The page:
My first experience with Sangria was at a then-popular Mexican restaurant chain that included the ice-cold, sweet drink as part of its Sunday brunch. It was an all-you-could-eat buffet, accompanied by all-you-could-drink Sangria.
I don’t remember much about that morning except for the fact that, not long after the meal, I developed a splitting headache. I would not have Sangria again for 35 years, until my fiancée and I traveled to Barcelona last fall.
Visiting a tapas bar was high on our list of priorities, and I knew that meant I needed to end my personal ban on Sangria and give it another try. We wasted no time in setting out on foot in search of tapas and Sangria.
Without a map and with only our intuition as a guide, we traversed the narrow pedestrian streets, sticking our heads inside gift shops, perusing the outside kiosks, sampling tasty bakery goods and soaking in the historic architecture.
And then, there it was: a tapas bar that seemed to be calling out our names. And inside, two friendly ladies — from Peru, not Spain, as it turned out — guided us through the tapas menu and poured their restaurant’s version of Sangria. Michelle had one made with white wine, while I had one made with red, and both seemed to pair quite nicely with all of the tapas we tried.
In the accompanying photo, that’s Yolanda on the left and Maria on the right. Maria was our main server, and helped us select the tapas we’d be sharing. We had only one request — nothing too spicy — and everything that was placed in front of us met that criterion while still being packed with enticing flavors.
Just when we thought we could eat no more, Yolanda came out of the kitchen with a tray of freshly made tapas. She stopped in front of us and said, “Lamb?” I told her we couldn’t eat another bite. But it turned out it wasn’t a question. She just shook her head and put TWO small plates in front of us.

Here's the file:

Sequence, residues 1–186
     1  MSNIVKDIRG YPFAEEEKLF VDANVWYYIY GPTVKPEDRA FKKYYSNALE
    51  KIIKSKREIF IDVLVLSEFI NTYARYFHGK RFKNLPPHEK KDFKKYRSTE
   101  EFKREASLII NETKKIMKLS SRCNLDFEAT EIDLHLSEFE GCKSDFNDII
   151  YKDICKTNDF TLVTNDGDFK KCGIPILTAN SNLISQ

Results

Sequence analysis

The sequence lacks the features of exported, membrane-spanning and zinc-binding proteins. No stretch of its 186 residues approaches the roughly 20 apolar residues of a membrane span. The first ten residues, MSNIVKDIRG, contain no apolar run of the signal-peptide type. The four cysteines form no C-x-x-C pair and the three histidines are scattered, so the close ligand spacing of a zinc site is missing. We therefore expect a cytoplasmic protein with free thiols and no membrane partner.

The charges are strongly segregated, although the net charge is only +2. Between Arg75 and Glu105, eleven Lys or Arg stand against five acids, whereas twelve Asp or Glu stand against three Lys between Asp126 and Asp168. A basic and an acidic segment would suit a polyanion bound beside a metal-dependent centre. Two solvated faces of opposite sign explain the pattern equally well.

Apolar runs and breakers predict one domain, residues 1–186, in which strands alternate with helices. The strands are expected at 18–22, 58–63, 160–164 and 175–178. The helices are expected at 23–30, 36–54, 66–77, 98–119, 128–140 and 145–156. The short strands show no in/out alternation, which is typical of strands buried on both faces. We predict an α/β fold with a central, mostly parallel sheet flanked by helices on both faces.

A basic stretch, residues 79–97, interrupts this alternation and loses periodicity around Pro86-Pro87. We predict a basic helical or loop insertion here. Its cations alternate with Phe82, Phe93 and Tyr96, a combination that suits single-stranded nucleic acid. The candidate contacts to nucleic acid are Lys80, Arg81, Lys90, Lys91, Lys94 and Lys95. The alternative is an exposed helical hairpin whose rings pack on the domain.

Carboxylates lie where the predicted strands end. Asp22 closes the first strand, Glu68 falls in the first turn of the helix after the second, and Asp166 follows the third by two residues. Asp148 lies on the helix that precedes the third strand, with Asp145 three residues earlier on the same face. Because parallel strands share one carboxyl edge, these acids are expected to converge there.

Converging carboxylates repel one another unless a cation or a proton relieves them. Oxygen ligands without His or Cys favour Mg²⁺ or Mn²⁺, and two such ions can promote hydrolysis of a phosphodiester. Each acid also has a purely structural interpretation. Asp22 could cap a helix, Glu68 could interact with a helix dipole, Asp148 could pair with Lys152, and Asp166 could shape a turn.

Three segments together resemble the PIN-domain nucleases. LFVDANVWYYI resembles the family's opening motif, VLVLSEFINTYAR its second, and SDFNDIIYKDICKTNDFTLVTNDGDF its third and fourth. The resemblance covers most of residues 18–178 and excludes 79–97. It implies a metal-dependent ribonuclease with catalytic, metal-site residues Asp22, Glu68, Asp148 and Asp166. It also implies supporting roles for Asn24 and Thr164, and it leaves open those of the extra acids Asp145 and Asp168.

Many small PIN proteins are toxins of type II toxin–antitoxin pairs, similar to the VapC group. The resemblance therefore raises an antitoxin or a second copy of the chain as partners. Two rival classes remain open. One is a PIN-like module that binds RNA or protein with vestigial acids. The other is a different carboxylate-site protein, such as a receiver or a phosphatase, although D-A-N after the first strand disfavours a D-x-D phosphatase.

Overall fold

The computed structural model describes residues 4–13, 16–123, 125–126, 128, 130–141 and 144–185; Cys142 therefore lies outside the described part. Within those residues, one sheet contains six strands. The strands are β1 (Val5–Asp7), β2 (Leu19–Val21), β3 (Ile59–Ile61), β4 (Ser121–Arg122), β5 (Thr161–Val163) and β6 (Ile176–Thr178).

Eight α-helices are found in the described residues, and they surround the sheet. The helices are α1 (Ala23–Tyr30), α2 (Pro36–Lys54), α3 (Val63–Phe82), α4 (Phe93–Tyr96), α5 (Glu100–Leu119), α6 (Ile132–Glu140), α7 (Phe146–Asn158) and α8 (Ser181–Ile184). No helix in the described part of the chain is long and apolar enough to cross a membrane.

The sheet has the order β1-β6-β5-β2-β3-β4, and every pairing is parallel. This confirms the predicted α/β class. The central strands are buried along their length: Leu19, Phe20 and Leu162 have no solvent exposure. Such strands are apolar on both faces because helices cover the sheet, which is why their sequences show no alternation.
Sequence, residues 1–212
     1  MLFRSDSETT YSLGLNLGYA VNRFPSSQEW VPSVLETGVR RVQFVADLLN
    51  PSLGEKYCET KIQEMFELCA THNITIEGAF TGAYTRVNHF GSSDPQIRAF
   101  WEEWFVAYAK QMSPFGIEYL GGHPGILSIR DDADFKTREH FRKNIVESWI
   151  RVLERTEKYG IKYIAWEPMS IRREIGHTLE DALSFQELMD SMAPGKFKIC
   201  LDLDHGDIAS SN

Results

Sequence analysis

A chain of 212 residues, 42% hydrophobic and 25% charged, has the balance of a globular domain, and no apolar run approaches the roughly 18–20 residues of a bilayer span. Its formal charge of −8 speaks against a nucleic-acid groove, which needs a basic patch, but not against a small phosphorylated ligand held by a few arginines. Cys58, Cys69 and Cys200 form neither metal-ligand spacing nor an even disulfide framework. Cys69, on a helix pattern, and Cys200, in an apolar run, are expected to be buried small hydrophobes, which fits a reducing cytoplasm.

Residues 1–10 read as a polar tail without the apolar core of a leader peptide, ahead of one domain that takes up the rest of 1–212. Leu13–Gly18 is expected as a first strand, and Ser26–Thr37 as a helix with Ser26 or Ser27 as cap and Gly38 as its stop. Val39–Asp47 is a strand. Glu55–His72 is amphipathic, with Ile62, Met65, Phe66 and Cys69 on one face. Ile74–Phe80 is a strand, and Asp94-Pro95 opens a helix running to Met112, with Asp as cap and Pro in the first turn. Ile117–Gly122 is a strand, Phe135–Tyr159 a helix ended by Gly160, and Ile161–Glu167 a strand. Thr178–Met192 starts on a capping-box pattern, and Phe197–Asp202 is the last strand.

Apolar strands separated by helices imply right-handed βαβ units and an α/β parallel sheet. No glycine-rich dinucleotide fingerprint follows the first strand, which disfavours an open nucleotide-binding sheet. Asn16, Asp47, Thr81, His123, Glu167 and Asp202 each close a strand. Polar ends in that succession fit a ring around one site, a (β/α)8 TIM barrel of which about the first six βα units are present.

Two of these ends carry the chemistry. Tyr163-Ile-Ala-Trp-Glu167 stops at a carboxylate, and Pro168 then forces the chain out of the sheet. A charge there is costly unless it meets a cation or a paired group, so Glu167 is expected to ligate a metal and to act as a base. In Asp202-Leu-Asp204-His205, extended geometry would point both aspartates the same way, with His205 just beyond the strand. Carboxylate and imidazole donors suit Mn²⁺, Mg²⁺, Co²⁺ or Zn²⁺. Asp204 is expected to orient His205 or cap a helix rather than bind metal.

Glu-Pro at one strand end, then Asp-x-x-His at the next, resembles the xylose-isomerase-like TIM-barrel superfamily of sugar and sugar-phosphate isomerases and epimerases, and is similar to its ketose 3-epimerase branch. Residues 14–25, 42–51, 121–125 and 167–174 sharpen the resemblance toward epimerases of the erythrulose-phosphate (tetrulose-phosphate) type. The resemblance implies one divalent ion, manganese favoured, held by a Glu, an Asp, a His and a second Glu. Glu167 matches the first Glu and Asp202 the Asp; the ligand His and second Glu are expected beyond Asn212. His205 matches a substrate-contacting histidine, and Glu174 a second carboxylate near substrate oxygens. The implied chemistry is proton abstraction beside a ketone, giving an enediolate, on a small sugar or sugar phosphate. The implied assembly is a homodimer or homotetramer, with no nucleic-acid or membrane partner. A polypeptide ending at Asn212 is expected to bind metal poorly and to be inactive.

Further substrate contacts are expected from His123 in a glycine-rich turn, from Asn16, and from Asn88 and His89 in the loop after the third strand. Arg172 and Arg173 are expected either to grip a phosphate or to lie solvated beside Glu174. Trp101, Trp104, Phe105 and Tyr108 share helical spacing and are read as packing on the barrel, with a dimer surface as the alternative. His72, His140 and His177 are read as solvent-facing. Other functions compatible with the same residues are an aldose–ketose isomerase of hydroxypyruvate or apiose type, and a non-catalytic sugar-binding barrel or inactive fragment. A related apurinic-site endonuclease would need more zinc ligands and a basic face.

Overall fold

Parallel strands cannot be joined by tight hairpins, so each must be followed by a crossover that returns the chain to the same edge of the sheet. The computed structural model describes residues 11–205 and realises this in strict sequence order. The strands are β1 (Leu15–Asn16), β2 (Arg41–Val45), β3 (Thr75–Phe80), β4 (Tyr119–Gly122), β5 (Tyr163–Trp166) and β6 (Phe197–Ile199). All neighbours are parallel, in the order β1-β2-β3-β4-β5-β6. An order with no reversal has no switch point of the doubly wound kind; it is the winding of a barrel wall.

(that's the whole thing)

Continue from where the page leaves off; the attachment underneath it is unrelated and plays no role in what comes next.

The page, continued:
Served on a small piece of toast, and seasoned only with a little salt and pepper, that lamb turned out to be the best thing we’d had all night. It also taught us an important lesson: When you have good servers at a tapas bar, place your trust in them. Maria and Yolanda provided us with the best dining experience we would have in Barcelona during a trip that included not one bad meal.
And what about the Sangria? Well, I thought mine was fine, and I helped Michelle finish hers. Best of all, I didn’t get a headache this time, which means my ban on Sangria is officially over, and I’m now free to try any recipes that may come my way.
Here is one that one of our tasting panel members whipped up recently. It makes about 4 servings.
- 2 large oranges, washed (one orange sliced, one orange juiced)
- 1 large lemon, washed and sliced
- 1/4 cup sugar
- 1/4 cup Triple Sec
- 1 (750-ml.) bottle of fruity, medium-bodied red wine (such as California Zinfandel, Sangiovese or Merlot — like those featured in Vinesse’s Sangria Reds Collection on sale now), chilled
- Place sliced orange, lemon and sugar in large pitcher.
- Mash gently with wooden spoon until fruit releases some juice, but is not totally crushed, and sugar dissolves (about 1 minute).
- Stir in orange juice, Triple Sec, and wine.
- Refrigerate for at least 2 hours and up to 8 hours.
- Before serving, add 6 to 8 ice cubes and stir briskly to distribute settled fruit and pulp, then serve immediately.